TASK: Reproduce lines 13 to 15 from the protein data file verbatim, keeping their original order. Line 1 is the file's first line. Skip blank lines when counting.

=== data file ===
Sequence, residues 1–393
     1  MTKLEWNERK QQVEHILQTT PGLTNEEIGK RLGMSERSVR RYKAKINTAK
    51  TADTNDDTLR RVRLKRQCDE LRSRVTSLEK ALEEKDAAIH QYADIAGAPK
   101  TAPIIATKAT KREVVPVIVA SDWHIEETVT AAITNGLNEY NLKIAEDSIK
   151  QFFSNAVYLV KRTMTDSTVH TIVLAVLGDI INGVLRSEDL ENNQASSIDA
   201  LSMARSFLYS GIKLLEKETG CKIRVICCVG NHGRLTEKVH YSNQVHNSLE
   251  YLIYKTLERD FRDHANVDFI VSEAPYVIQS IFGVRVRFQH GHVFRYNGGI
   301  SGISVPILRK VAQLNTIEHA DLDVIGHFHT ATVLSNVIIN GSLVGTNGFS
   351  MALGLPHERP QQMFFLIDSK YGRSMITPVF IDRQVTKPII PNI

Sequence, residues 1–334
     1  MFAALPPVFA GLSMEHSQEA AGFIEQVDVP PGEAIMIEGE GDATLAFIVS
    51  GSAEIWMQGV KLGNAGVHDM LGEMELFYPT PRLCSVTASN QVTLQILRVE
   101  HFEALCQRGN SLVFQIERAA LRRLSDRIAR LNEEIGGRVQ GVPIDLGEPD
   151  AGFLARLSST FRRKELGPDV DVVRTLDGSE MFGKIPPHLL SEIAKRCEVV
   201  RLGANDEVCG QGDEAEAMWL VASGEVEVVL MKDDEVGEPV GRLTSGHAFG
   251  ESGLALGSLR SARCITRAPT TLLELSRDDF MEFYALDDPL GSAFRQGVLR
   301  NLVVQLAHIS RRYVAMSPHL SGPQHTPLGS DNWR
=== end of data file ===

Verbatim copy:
   101  HFEALCQRGN SLVFQIERAA LRRLSDRIAR LNEEIGGRVQ GVPIDLGEPD
   151  AGFLARLSST FRRKELGPDV DVVRTLDGSE MFGKIPPHLL SEIAKRCEVV
   201  RLGANDEVCG QGDEAEAMWL VASGEVEVVL MKDDEVGEPV GRLTSGHAFG